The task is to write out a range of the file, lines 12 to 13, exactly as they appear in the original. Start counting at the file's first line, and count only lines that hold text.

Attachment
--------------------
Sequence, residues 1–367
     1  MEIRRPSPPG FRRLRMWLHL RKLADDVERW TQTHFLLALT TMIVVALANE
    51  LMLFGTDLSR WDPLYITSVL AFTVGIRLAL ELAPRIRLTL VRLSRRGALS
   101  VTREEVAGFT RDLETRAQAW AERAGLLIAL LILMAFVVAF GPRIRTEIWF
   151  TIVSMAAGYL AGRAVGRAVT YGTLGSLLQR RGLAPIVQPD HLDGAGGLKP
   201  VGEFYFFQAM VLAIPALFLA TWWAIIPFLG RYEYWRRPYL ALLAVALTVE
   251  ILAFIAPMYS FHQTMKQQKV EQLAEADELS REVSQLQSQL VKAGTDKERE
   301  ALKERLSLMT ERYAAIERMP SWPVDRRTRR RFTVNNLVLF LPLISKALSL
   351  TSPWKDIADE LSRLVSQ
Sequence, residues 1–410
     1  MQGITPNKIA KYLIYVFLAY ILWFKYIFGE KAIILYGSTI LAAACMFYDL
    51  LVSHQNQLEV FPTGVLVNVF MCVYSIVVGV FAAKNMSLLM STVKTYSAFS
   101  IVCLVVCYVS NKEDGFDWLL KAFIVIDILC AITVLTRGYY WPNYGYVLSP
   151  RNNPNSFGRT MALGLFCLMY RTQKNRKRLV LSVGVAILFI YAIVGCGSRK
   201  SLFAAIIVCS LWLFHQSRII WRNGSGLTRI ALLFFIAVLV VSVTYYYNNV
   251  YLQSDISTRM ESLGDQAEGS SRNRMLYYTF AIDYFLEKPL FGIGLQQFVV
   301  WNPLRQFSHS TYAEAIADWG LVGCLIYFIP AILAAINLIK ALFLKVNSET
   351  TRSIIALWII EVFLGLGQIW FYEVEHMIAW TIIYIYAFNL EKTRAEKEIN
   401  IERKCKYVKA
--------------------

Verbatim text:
    51  LVSHQNQLEV FPTGVLVNVF MCVYSIVVGV FAAKNMSLLM STVKTYSAFS
   101  IVCLVVCYVS NKEDGFDWLL KAFIVIDILC AITVLTRGYY WPNYGYVLSP